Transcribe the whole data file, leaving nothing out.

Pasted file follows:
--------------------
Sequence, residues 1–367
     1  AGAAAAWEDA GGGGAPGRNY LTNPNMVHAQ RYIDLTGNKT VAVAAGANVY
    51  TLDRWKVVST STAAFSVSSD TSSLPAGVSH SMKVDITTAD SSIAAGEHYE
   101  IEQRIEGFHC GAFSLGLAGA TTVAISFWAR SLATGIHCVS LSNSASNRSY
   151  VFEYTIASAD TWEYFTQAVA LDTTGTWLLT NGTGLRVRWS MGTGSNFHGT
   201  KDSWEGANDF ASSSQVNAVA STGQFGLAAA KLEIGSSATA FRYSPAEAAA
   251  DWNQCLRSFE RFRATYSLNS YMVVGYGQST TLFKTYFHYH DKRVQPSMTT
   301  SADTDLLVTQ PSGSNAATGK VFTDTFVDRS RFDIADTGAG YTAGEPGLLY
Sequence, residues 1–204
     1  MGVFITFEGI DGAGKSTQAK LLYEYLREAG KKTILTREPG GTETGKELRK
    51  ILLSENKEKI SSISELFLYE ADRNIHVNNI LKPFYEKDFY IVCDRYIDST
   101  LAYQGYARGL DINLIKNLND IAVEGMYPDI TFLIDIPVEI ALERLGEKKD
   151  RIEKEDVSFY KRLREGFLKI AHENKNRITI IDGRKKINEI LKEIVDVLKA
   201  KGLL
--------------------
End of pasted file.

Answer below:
Sequence, residues 1–367
     1  AGAAAAWEDA GGGGAPGRNY LTNPNMVHAQ RYIDLTGNKT VAVAAGANVY
    51  TLDRWKVVST STAAFSVSSD TSSLPAGVSH SMKVDITTAD SSIAAGEHYE
   101  IEQRIEGFHC GAFSLGLAGA TTVAISFWAR SLATGIHCVS LSNSASNRSY
   151  VFEYTIASAD TWEYFTQAVA LDTTGTWLLT NGTGLRVRWS MGTGSNFHGT
   201  KDSWEGANDF ASSSQVNAVA STGQFGLAAA KLEIGSSATA FRYSPAEAAA
   251  DWNQCLRSFE RFRATYSLNS YMVVGYGQST TLFKTYFHYH DKRVQPSMTT
   301  SADTDLLVTQ PSGSNAATGK VFTDTFVDRS RFDIADTGAG YTAGEPGLLY
Sequence, residues 1–204
     1  MGVFITFEGI DGAGKSTQAK LLYEYLREAG KKTILTREPG GTETGKELRK
    51  ILLSENKEKI SSISELFLYE ADRNIHVNNI LKPFYEKDFY IVCDRYIDST
   101  LAYQGYARGL DINLIKNLND IAVEGMYPDI TFLIDIPVEI ALERLGEKKD
   151  RIEKEDVSFY KRLREGFLKI AHENKNRITI IDGRKKINEI LKEIVDVLKA
   201  KGLL